Issue Positions: Civil Rights and Civil Liberties
Civil Rights and Civil Liberties
Senator Merkley is committed to protecting the rights and liberties of all Americans. Since its creation, our nation has come a long way in the march toward equality and fairness, but there is still much work to be done. All Americans deserve the opportunity to live, work, and succeed without facing discrimination.
Additionally, a major part of his role in serving the people of Oregon is protecting the privacy of Americans while keeping our country safe.
Ending Workplace Discrimination
Right now, Americans are protected against discrimination in the workplace based on race, gender, religion, ethnicity, and national origin. However, there is currently no federal law that consistently protects LGBT individuals from employment discrimination. In fact, it remains legal in 29 states to fire someone based on sexual orientation, and in 38 states to do so based on gender identity or expression.
Senator Merkley believes that all Americans deserve the right to earn a living. That's why he is the lead Senate sponsor of the Employment Non-Discrimination Act (ENDA), legislation to provide basic protections against workplace discrimination on the basis of sexual orientation and gender identity. ENDA would protect qualified, hardworking Americans from being fired, denied job opportunities, or otherwise discriminated against just because they are lesbian, gay, bisexual, or transgender.
Turning "Equal Opportunity" into Real Opportunity
The United States has come a long way in the march towards equality thanks to contributions from leaders like Martin Luther King, Jr., Robert Kennedy, Dorothy Height, and many others. But, unfortunately, many of our minority communities continue to experience racial disparities in education, employment, and home ownership. For example, just 37 percent of black households in Oregon are homeowners, compared with 68 percent of white households. When it comes to higher education, only 26 percent of Hispanic 18- to 24-year-olds and only 32 percent of black 18- to 24-year-olds were enrolled in college in 2008, compared to 41 percent of white 18- to 24-year-olds.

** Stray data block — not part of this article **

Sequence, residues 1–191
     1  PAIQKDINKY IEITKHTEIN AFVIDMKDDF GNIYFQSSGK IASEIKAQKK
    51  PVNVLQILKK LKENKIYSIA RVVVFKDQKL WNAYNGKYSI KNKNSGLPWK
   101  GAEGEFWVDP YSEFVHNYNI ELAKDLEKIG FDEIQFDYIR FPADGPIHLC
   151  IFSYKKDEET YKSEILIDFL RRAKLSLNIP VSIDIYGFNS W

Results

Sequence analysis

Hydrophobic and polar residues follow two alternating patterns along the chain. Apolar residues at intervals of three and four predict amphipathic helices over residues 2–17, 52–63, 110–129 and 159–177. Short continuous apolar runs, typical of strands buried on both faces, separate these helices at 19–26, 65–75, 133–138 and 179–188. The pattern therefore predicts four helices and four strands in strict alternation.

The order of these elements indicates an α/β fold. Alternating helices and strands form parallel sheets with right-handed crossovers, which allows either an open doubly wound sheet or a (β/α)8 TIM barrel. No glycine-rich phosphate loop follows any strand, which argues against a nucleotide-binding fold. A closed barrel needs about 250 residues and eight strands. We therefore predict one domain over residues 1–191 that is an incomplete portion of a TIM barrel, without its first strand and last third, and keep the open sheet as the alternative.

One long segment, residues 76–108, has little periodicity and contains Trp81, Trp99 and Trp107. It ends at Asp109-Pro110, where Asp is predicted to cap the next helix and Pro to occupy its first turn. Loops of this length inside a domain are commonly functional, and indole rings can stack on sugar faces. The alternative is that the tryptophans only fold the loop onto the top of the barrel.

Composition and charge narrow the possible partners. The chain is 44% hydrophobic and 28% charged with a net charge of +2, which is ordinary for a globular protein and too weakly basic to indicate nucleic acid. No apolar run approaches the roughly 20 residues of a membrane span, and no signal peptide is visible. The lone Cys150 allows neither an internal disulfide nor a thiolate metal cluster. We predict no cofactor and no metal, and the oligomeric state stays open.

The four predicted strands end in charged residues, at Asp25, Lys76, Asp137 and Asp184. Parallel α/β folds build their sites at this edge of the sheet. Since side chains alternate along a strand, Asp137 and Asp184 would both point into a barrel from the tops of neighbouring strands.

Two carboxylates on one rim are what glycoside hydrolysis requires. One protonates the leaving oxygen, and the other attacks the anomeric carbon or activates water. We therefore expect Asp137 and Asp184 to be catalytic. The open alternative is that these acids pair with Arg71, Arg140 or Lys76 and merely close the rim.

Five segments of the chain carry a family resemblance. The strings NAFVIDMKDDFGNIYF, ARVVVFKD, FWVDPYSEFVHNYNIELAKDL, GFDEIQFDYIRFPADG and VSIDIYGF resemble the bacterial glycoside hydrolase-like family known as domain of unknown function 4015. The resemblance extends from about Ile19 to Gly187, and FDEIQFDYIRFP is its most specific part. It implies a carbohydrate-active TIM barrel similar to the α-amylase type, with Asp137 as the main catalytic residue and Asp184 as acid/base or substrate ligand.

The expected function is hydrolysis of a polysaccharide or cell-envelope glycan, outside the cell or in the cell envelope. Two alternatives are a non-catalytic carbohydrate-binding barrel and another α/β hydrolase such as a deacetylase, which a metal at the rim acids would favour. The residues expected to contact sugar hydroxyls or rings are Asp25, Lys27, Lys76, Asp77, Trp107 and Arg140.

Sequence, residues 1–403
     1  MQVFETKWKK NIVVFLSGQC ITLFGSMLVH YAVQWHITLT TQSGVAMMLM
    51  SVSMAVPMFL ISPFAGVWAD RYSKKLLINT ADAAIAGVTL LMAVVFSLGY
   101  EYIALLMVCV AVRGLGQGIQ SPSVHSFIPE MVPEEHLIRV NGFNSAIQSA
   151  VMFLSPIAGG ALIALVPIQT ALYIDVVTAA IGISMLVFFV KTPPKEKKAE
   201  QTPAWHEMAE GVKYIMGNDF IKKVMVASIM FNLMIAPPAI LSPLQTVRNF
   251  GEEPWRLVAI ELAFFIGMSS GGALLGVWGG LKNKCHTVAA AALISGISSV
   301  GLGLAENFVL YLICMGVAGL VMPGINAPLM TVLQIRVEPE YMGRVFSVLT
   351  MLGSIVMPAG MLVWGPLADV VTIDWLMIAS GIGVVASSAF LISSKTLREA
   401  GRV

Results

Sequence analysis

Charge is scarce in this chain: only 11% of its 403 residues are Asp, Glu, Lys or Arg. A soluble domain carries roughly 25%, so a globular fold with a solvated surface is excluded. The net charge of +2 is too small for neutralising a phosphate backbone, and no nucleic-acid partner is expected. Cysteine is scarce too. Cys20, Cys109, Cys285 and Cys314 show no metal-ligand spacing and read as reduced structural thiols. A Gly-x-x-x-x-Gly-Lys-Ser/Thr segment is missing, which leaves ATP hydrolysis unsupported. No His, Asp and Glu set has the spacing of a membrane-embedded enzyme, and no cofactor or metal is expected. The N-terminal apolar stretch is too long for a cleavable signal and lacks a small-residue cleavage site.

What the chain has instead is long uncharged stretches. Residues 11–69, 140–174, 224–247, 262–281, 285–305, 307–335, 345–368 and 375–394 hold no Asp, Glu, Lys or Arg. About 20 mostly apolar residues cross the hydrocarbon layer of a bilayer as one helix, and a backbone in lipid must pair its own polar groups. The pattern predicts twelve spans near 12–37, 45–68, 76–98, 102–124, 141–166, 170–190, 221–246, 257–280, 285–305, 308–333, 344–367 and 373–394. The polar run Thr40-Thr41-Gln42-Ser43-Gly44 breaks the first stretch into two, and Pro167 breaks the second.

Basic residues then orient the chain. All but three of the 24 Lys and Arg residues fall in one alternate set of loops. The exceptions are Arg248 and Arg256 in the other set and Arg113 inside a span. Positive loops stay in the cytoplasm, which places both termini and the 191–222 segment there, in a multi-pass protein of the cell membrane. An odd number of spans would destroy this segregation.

The term "equal opportunity" means nothing unless it translates into real success for Oregon families. To help all of our families thrive, Senator Merkley is committed to increasing minority access to higher education, family-wage jobs, and home ownership.
Senator Merkley is a co-sponsor of the Small Business Programs Parity Act, which allows economically disadvantaged small businesses such as those qualified as HUBZone, minority, service-disabled veteran, women-owned, or 8(a) -- to compete equally when competing for government contracts.
Senator Merkley strongly believes that all workers deserve equal pay for equal work. At a time when women who work full time, year-round, still make only 78 cents for every dollar that a man makes, our laws must be strong enough to address clear cases of discrimination.
In one of his first acts as a U.S. Senator, Merkley cosponsored two bills to provide workers with increased protection from discriminatory pay practices. The Lilly Ledbetter Fair Pay Restoration Act, which was passed by the House and Senate and signed into law by President Obama, restores fairness to the workplace by allowing victims of discrimination the ability to seek compensation even if they only discover the discrimination later. Senator Merkley is working with his Senate colleagues to pass the Paycheck Fairness Act, which would close the loopholes that allow employment discrimination to go unchecked while improving the remedies available and prohibiting retaliatory action by employers.
Senator Merkley co-sponsored the Matthew Shepard Hate Crimes Prevention Act, which President Obama signed into law in October 2009. The bill, another step forward for equality under the law, enables the Treasury and the Justice Department to assist state and local authorities in the investigation and prosecution of violent crimes motivated by the victim's race, color, religion, national origin, gender, sexual orientation, gender identity, or disability. The bill increases the federal government's ability to monitor these hate crimes by expanding the hate crimes statistics currently collected by the FBI and authorizing grants to help prevent and deter hate crimes committed by juveniles.
Protecting Privacy and Civil Liberties
America was founded upon principles of individual liberty and independence. To that end, the United States government has a responsibility to protect the privacy of its citizens while meeting its obligation to public safety.
In 2009, Senator Merkley co-sponsored the Retroactive Immunity Repeal Act to eliminate part of the FISA Amendments Act that shielded telecommunications companies from being held accountable if they violated the law.
Merkley also co-sponsored the Judicious Use of Surveillance Tools in Counterterrorism Efforts (JUSTICE) Act, which would reform the USA Patriot Act, the FISA Amendments Act, and other surveillance authorities to help restore judicial oversight. The legislation would protect the Constitutional rights of American citizens while making sure intelligence and law enforcement agencies still have the tools they need to fight terrorism.